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Evolution of Communication

EVOLUTION OF COMMUNICATION

The way in which communication has been viewed has changed considerably since it first became a subject of study. The first scholars to study and write about communication lived in Ancient Greece. The culture of the times placed heavy emphasis on public speaking, so it is not surprising that the first theories of communication—then called "rhetoric"—focused on speech. Aristotle, probably the most influential person of the day to study communication, characterized communication in terms of an orator (i.e., a speaker) who constructed an argument to be presented in a speech to hearers (i.e., an audience). The goal or effect of communication, as Aristotle viewed it, was to persuade. He described the process as follows:

[Communication] exists to affect the giving of decisions.… [The] orator must not only try to make the argument of his speech demonstrative and worthy of belief, he must also make his own character look right and put his hearers, who are to decide, in the right frame of mind [Roberts, 1924, p. 1377b].

Beginning with the formal study of communication by Aristotle and his contemporaries, communication came to be viewed as a process through which a speaker conveys messages to influence or persuade one or more receivers. In this paradigm, or perspective, emphasis is placed on the role of a source and on his or her intended message. Receivers are typically viewed as relatively passive recipients of messages, and thus as the endpoint in a straightforward and predictable cause-and-effect process. This foundational view of communication can be summarized by the statement that the source or sender (S) provides a message (M) to a receiver (R) and produces an effect (E). In this Aristotelian view, the resulting effect equals persuasion.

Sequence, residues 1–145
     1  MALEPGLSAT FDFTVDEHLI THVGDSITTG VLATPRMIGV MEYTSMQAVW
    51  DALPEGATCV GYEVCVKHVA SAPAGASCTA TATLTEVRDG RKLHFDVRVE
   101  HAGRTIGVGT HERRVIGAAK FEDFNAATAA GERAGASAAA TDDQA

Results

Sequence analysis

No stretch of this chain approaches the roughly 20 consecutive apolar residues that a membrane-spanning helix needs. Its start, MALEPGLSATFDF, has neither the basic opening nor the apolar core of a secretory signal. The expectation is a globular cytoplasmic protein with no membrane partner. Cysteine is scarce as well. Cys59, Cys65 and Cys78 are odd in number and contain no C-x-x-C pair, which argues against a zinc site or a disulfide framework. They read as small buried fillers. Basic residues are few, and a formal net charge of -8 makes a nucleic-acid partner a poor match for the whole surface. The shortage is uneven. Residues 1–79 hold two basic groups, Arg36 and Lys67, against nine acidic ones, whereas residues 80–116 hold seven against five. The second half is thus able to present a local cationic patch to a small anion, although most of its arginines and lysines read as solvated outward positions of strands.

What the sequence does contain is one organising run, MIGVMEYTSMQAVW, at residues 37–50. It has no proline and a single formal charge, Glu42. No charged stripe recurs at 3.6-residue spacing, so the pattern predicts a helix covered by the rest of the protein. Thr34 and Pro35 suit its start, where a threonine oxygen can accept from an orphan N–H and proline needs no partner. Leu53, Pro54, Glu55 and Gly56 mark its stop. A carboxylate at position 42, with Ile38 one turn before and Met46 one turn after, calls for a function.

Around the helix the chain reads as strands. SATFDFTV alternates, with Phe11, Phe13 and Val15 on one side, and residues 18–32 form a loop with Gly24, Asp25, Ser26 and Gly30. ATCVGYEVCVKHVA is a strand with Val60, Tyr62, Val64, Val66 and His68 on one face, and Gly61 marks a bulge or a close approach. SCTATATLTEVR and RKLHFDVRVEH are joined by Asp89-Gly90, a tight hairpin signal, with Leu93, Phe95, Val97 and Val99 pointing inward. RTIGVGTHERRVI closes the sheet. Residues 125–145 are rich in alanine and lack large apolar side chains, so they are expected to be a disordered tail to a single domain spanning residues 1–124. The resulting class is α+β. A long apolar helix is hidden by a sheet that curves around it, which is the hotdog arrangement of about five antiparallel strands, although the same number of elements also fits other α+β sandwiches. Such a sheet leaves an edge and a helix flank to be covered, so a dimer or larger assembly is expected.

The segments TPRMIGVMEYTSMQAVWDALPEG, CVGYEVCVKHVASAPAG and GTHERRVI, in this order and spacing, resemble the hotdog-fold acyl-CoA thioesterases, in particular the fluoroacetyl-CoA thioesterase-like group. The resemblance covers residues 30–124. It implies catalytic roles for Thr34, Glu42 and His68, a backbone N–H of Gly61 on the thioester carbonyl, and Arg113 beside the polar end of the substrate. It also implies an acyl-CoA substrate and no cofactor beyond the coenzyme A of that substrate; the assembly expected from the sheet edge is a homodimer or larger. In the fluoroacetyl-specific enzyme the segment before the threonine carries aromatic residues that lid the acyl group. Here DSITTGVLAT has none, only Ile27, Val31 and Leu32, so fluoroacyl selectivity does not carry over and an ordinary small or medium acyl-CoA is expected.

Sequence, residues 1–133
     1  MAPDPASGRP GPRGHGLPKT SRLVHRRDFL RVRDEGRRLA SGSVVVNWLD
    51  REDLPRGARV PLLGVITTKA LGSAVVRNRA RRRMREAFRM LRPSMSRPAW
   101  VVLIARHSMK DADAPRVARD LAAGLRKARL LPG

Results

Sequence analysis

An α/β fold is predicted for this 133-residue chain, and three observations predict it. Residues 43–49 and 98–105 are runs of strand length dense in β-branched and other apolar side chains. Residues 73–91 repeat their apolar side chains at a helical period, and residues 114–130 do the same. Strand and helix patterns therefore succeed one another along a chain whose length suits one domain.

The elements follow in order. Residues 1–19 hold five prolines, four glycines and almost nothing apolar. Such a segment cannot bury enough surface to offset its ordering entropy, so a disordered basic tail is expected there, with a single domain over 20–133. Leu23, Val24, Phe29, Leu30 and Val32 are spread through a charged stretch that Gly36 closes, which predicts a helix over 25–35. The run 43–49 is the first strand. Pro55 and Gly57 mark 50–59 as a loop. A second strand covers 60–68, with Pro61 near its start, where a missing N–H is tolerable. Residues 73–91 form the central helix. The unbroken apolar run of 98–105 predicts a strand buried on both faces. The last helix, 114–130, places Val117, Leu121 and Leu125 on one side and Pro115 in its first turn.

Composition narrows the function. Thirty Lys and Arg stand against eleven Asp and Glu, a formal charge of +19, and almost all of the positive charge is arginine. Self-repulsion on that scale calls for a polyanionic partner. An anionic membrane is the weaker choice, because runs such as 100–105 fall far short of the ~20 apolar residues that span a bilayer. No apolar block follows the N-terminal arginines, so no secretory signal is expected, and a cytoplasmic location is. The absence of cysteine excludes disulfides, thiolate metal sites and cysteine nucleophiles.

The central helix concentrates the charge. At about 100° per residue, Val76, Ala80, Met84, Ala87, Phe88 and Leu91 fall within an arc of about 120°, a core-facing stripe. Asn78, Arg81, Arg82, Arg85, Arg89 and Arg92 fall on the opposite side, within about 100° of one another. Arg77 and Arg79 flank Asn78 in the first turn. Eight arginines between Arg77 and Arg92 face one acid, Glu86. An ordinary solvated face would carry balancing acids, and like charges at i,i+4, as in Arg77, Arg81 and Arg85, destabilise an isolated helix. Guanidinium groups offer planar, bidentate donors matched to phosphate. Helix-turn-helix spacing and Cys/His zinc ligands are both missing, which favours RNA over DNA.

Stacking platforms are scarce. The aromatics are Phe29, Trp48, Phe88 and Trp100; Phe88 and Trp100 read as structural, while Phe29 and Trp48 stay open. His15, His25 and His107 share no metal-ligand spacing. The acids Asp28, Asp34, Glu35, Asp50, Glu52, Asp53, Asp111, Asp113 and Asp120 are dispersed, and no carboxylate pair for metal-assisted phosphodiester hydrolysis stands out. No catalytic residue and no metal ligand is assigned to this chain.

This Aristotelian view of communication was helpful in many ways. It highlighted the key components in the communication process. It also emphasized that messages are important in terms of human behavior and also that the source of a particular message can be important in determining outcomes of the communication process. The model had other implications as well. This way of thinking about communication suggests that senders can generally expect receivers to be easily persuaded to understand the messages as the senders understand them—that the message received (MR) should simply equal the message sent (MS). Consider an utterance such as "I told her many times, but she just doesn't seem to get it!" To the extent that communication outcomes are primarily influenced by the sender and his or her message, as the Aristotelian view suggests, then indeed it is puzzling if others do not seem to "get it." This aspect of the framework, particularly, came to be questioned in modern studies.

The Aristotelian view of communication was pervasive and influential from the time of Aristotle through the middle of the twentieth century. During the intervening years, the perspective was extended beyond speech and public speaking. It was applied to thinking about how mass media and mass communication work, as well as to the study and understanding of communication in face-to-face, group, organizational, health, and intercultural situations. Toward the end of the 1940s, however, the appropriateness of the Aristotelian perspective began to be called into question. In their published works, scholars such as Claude Shannon and Warren Weaver (1949), Wilbur Schramm (1954), Elihu Katz and Paul Lazarsfeld (1955), Bruce Westley and Malcolm MacLean Jr. (1957), and Lee Thayer (1968) began to identify limitations of the model.